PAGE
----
Thursday, April 4, 2013

This is what bicycle advocacy looks like - Phoenix Spokes People in action

The Phoenix Spoke People have been taking this advocacy stuff pretty serious in the last couple of months.

Phoenix Spokes Person Gene leans into view a suggested bike lane location.
We've been attending and participating in the City of Phoenix Bicycle Summits, which have been held in the various city council districts.  I attended one recently in District 8 where city Bicycle Coordinator invited attendees to gather around district maps and highlight and mark up areas we'd like to see bike infrastructure such as lanes, off-street routes, signage and bike corrals.  I picked up a red marker and went a little nuts.  I my opinion 16th Street could really bike lanes, as could 44th Street.  And we can always cross our fingers for the 7's.

Lisa crosses Central for our meet up at the Grand Canal.
For the next couple of weeks, Phoenix Spokes People are committing ourselves to attending the City Manager's Trial Budget presentations, also scattered across the city, where we watch a presentation on budget priorities and then have a chance to make public comment.

Lisa is stylin' for the Trial Budget meeting, on her vintage Raleigh folder equipped with an extra
large wicker basket.
 Today, I pedaled out to the Devonshire Community Center with members, Anna, Lisa, and Giovanni.  We met up at the entrance of the Grand Canal on Central just north of Indian School Road.

I arrived first at the meet up location.  Happily, I had packed coffee and a delicious egg and bacon sandwich
to snack on while I waited.
It was a beautiful morning for our ride, about four or five miles on paved canal path, bike lanes, foot bridges and occasional streets.

Phoenix Spokes People - making it happen.
Once at the community center, we met up with Gene, our groups most senior member (so far . . . ) to hear and be heard.  Gene, Lisa, Anna and I all spoke about our strongly held belief that bicycle infrastructure is a good thing for Phoenix.  Lisa spoke about the ways in which bicyclists and bicycle infrastructure contribute to economic development, particularly the local businesses that add variety and flare to our neighborhoods, while Anna and I both spoke of bicycling as an alternative to car dependence supports our personal economics at home.

I've had little time on the Grand Canal but Giovanni told me it's made getting around by bike a lot easier since he came to town.
Several more meetings will take place over the next few weeks and we are determined to get as many of our like-minded friends and associates to these meetings as we can.  I'll be attending at least one more.  City Council member, and the mayor, will be hosting these events and they need to hear from us that the needs of bicyclists of all stripes are important.  They need to know specifically how we use them and why - bike infrastructure isn't just a frivolity but the tools that help people get from here to there safely and efficiently.  So, this is how it's done - we, perhaps you, show up and give comment.  I jotted down a few thoughts that I wanted to convey and when I took the mike, I spoke from the heart about the things I knew about and experienced as a cyclist - biking to where I need to go helps me financially and is a critical component of where I choose to live.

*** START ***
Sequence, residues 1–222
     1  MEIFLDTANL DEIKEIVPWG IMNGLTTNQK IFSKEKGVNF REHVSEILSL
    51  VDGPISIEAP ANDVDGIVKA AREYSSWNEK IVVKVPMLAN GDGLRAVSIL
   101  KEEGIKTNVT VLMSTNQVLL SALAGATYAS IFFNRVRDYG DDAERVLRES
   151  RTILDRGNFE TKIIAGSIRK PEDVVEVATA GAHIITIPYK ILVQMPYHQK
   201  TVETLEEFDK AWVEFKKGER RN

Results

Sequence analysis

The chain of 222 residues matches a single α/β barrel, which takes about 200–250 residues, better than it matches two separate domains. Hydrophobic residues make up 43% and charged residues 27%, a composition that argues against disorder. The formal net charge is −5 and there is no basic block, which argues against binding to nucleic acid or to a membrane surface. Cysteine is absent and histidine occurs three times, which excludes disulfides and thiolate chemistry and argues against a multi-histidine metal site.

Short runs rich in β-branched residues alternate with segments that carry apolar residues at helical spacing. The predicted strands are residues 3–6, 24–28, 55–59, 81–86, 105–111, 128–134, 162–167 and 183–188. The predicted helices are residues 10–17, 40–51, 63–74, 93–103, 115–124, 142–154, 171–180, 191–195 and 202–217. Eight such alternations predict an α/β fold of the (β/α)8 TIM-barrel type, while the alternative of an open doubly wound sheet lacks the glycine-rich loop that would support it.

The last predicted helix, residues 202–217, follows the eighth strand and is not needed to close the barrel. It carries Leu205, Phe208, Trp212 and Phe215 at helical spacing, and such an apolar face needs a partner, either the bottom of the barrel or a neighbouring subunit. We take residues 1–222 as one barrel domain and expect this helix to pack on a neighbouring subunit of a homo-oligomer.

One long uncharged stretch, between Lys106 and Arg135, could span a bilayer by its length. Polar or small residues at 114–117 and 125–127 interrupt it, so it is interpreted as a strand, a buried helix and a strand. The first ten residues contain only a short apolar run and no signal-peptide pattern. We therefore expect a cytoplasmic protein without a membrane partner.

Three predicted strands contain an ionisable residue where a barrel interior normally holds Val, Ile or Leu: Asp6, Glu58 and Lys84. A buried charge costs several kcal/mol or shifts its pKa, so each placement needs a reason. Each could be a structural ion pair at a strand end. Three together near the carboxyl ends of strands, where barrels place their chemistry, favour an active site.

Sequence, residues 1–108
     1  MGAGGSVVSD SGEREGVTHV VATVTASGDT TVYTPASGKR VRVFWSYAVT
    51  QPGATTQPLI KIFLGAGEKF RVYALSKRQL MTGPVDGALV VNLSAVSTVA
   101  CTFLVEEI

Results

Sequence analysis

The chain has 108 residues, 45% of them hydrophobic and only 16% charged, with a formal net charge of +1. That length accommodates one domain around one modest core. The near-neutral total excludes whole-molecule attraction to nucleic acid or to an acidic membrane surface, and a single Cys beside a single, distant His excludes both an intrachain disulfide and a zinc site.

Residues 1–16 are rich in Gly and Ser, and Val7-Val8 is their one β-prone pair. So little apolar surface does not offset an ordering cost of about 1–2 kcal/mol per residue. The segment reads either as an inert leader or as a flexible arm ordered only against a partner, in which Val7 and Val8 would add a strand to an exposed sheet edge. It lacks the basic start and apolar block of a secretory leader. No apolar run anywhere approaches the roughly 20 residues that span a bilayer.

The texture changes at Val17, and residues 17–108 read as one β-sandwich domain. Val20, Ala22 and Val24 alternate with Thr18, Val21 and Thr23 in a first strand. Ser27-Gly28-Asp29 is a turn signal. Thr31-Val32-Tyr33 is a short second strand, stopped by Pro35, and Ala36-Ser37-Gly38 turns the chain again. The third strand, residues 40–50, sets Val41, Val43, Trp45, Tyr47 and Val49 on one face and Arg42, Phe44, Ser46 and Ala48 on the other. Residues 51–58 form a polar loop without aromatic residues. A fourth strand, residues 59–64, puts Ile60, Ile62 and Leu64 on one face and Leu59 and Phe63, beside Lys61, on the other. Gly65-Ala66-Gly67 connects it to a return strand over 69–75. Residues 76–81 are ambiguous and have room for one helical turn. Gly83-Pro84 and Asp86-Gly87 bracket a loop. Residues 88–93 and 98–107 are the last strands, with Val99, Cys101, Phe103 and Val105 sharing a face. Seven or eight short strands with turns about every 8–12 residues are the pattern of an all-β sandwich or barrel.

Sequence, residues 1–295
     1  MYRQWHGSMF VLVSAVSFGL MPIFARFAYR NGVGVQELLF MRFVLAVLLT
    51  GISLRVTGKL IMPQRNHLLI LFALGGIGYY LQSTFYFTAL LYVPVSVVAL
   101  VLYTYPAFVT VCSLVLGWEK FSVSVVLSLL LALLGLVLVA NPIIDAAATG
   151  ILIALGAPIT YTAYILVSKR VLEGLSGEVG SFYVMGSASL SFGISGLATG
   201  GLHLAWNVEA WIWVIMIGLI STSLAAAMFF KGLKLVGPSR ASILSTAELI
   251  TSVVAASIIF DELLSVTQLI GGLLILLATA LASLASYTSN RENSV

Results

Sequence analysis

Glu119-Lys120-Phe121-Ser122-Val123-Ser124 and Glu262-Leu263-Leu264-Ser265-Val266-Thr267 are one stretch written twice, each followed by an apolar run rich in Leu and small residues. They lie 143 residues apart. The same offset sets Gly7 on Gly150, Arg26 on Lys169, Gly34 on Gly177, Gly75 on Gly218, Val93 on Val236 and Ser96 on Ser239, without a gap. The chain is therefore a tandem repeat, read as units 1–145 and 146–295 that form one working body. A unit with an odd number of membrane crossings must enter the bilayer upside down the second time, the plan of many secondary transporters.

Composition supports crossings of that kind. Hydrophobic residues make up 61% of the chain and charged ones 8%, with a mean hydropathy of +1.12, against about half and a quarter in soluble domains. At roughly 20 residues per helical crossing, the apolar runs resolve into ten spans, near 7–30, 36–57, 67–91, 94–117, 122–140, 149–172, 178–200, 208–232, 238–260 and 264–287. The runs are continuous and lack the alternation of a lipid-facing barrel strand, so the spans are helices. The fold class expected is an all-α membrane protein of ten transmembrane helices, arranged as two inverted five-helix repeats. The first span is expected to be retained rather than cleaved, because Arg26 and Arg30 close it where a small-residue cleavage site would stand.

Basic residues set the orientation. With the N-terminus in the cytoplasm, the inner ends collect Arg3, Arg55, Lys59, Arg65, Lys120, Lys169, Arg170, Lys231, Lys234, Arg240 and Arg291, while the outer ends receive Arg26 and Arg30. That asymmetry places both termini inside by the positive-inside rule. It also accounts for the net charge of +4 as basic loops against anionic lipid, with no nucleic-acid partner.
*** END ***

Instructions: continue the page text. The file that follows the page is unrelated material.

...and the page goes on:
And I must say, we were awesome.  All of us a bit nervous but we held our own.  Before we left, a reporter from KTAR (92.3) asked to interview us for an upcoming story.  After that, Robert, one of the city council staff members introduced himself, thanked us for speaking and told us he often rode in to work from his home in Glendale.  So we left with media and connections!

We're meeting this Sunday!  Please plan to attend!
What next?  Well, the PSP monthly meeting is this Sunday at 5 p.m. at Angel's Trumpet.  Hope to see some Phoenix readers there.  We're going to be looking at the final version of our letter to the Mayor and City Council before we sign it and deliver it to City Hall.  We'll also discuss in person advocacy at the trial budget meetings and upcoming council meetings, as well as the need to create business cards to hand out and get our name out there.


bikeolounger said...

I consider a thorough reading of the site an important part of any advocate's background.

I'm all in favor of well-crafted bicycle-specific infrastructure, but much of what passes for bike "stuff" (lanes, paths, sidepaths, etc.) creates conflict by exacerbating effects of poor sight lines in intersections, then adds complexity with signage rather than simplifies things to enhance safety.

If you have to work to teach the general public how to use a new feature, it may not be a good feature. It's far more effective to teach the public to use infrastructure that is well-designed to work with rules of motion that apply to all.

I hope your efforts at advocacy yield great results!!

DAN said...

Nice bikes I just got a Raleigh folder bicycle

James Anderson said...

Great blog! I'm so happy the weather is shaping up for the perfect ridign experience. I was just wondering if you are currently accepting guest posts. I have an article called "3 of the Best Mountain Biking Trails in the Northwest" that would be a great fit for any bike lover. If this sounds like an article you'd care to have on your site, don't hesitate to get in touch.